To facilitate the placement of money into the gaming market, the gaming operator may present portions of the money to a gaming market for the event. Other counter parties may enter into games with the entity for these portions. Additional portions may be presented to the market as such games are formed so that the entire amount may be entered into the market through such sub-games. Some embodiments may include various methods of facilitating such large block gaming. Some embodiments may include various methods for allowing gamers to pool funds and/or otherwise assign funds for professional management.

Fantasy Game Examples

In some embodiments, a game may be a fantasy game. It should be recognized that embodiments are not limited to fantasy games but that examples are given in terms of a fantasy game in a non-limiting manner. Moreover, examples of fantasy games and operation are also given in a non-limiting manner and other embodiments may include any fantasy or non-fantasy game or event on which a wager is placed as desired. U.S. patent application 61/479,539, Ser. No. 12/605,826, Ser. No. 13/160,746 and 61/668,245 are hereby incorporated herein by reference. Some example fantasy games and/or wagers that may be used in some embodiments are described in these references.

Various examples are given in relation to a popular variation of fantasy events, namely fantasy sports, but it should be understood that various embodiments may include any fantasy event. In some embodiments, fantasy sports may provide a manner for a participant to act in a role similar to a coach and/or general manager. In some embodiments, a participant may be given the ability to draft, create, trade, dismiss and/or otherwise manage a fantasy team.

The events, participants, and/or players to which a fantasy event may be related may include any desired events, participants, and/or players. For example, some events may include political events (e.g., elections), sporting events (e.g., football, baseball, basketball, hockey, soccer, rugby, golf, tennis, automotive racing, animal racing), competitions (poker, test taking, rock throwing, tree growing), other events, and so on. For example, some participants and/or players may include politicians, human players, animal participants, robots, natural phenomena, plants, physical things, and so on. It should be recognized that fantasy event competitions may be constructed based on any kind of activity. For example, fantasy competitions may be constructed based on an activity in which participants in the fantasy competition may compete vicariously based upon observations or statistics regarding some underlying activity (e.g., wind speed, elections, tree growth, baseball, and so on).

A team should be understood to include a club (e.g., soccer club), an individual in a one or more sport, one or more individuals in one or more events, and/or other variations of similar concepts. A fantasy team for an activity may include one or more members that each correspond to one or more respective real and/or active participants in the activity. For example, a fantasy team for a sport may include one or more players of the sport. The players may include active players in a real league for the sport. The players may include active league players from one or more real sports league.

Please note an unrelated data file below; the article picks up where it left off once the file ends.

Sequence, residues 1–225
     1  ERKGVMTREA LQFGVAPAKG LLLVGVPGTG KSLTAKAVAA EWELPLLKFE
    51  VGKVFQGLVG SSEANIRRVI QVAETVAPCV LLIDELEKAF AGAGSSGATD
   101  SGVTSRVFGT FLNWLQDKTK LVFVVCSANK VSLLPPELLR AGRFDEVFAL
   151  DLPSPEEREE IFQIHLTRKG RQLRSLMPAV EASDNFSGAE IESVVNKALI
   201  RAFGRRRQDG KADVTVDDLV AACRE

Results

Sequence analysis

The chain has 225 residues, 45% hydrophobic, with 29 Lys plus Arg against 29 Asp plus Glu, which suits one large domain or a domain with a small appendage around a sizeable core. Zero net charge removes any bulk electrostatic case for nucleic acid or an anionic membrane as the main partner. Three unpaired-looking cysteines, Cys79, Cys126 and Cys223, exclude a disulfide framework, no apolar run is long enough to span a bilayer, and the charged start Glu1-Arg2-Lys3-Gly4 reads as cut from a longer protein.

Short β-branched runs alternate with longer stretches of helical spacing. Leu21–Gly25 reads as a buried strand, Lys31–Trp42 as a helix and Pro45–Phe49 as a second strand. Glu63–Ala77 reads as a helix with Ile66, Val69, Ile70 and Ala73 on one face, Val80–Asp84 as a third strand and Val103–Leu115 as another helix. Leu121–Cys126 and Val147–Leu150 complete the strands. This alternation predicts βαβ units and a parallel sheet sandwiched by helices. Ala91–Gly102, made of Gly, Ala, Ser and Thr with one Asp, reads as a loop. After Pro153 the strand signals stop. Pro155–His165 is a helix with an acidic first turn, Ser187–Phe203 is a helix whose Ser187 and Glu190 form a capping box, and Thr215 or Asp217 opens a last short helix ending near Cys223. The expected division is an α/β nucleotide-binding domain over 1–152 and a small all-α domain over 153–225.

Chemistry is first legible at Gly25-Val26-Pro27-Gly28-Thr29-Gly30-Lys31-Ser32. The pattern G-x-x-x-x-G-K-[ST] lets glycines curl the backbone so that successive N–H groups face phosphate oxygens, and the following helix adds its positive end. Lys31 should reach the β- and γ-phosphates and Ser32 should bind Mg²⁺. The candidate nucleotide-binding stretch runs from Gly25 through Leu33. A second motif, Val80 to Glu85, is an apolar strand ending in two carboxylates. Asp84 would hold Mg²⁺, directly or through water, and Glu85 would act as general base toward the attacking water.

In some embodiments, a member of a team may include a portion of a real team. For example, in some embodiments, in addition to and/or as an alternative to a particular member of a team being selected for a fantasy team, a portion of a team may be selected for a fantasy team. For example, a defensive team of a football team may be selected for a fantasy team regardless of actual members of the defensive team. Accordingly, scoring of such a fantasy team may relate to actions and/or performance of the entire defensive team rather than a single member of the team.

In some embodiments, a participant in a fantasy sports game may select members to form a fantasy team for a sport. In some embodiments, a participant may select or “draft”, currently active real-life players to form a fantasy team. Accordingly, a fantasy team for a sport may include a plurality of members that each correspond to a respective player of the sport. In some embodiments, a selected member for a fantasy team may include a group of players (e.g., the defense of a particular football team may be a member of a fantasy team, the outfield of a particular baseball team may be a member of a fantasy team, and so on).

In some embodiments a plurality of participants may form a fantasy league and select players in the fantasy league. Each player in the league may pay a fee to join the league. The fee may be pooled by a gaming operator for use in award payment, booked by the gaming operator as a wager, and/or paid to the gaming operator as a fee. The fantasy league may be referred to as a fantasy game, and the winning participant in the league may receive some award (e.g., from the gaming operator, from pooled funds held by the gaming operator, based on a fee paid to join the league, etc.). As an example, in a fantasy football league, a plurality of league participants (e.g., two) may each select one or more professional football players (e.g., 5) onto their fantasy team and pay a fee to be part of the league (e.g., $10). Based on performance of those selected players in real sports events, the participants may earn points in the fantasy sports league and a winner may be determined and paid an award (e.g., $20 minus some rake taken by the gaming operator).